Buying eco-certified products is one key way to lower your environmental impact – but the world of certification labels isn’t always so easy to navigate. What’s really the difference between organic and certified organic? What do LEED, Greenguard, and Energy Star certifications tell you? Do you really need to buy FSC-certified wood? We’re here to help your efforts to help the environment: We’ve detailed five of the most common certifications to guide you on your path to a greener life.


The Greenguard Environmental Institute focuses on “improving indoor air quality and reducing chemical exposure”, so if you’re buying something that’s Greenguard certified, you can breathe easy (literally). Look for everyday items like mattresses, furniture, and curtains – plus more specialty products like countertops, construction materials, and electronics – that minimize the quantity of volatile organic compounds (VOCs), particulates, and other nasty chemicals being released into your home, office, or schools.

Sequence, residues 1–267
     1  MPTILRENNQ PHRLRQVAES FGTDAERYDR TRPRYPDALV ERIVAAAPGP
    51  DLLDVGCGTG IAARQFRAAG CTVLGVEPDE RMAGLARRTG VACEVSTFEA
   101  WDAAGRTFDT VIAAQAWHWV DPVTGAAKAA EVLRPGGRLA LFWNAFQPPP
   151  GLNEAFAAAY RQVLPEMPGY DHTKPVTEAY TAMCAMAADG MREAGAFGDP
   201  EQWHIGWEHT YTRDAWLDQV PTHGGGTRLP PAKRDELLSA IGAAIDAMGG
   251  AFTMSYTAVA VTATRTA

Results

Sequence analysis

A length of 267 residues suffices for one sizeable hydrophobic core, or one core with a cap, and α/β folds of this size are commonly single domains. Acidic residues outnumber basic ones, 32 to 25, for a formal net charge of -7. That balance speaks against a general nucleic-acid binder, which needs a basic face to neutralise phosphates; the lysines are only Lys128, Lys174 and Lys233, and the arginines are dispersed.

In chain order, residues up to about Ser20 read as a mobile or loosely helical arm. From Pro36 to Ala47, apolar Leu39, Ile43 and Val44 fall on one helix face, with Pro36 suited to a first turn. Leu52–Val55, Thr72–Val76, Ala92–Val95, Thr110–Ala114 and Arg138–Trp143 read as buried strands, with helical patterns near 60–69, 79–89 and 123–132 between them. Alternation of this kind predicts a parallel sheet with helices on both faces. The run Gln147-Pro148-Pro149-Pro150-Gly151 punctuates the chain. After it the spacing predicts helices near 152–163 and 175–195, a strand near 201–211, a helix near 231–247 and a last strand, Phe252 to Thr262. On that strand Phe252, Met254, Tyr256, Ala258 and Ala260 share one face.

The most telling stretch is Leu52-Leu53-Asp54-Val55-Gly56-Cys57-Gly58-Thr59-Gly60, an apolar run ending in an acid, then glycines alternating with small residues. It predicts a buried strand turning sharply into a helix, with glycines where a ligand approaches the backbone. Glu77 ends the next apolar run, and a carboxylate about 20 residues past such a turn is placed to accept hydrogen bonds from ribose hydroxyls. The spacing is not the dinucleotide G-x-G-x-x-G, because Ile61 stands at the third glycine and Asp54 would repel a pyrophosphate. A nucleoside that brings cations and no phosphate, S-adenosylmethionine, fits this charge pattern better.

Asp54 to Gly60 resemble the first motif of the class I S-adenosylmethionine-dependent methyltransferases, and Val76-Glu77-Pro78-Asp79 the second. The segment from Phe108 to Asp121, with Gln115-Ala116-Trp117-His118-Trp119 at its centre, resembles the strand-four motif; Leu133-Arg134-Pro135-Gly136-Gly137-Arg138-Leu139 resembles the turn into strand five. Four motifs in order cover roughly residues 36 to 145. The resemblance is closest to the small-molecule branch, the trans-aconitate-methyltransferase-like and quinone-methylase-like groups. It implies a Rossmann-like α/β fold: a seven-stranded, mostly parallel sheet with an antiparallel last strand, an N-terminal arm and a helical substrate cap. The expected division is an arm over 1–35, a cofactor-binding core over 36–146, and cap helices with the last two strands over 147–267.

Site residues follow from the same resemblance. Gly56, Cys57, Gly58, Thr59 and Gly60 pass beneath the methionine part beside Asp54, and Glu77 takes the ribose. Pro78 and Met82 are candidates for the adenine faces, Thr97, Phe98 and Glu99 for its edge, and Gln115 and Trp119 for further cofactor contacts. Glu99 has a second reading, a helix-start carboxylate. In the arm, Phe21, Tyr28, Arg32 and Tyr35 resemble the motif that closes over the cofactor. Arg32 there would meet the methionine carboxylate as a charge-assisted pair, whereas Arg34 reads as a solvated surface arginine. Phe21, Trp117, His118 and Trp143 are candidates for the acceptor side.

Just because a product has the word “organic” in its name doesn’t mean that you know exactly what you’re getting. For that guarantee, you want to look for products that are certified organic by the USDA (or another certification agency). That label means that it’s not just the finished product – but also the process – that’s free of synthetic ingredients, hormones, antibiotics, and banned chemicals.

Energy Star

From refrigerators and dishwashers to dryers and office buildings, the Energy Star certification is a quick way of recognizing which products (and places) are designed to save energy. Want to know exactly how efficient that new washing machine is? The Energy Star website offers and downloadable guide to every certified product so you can see exactly how much energy you’re saving.

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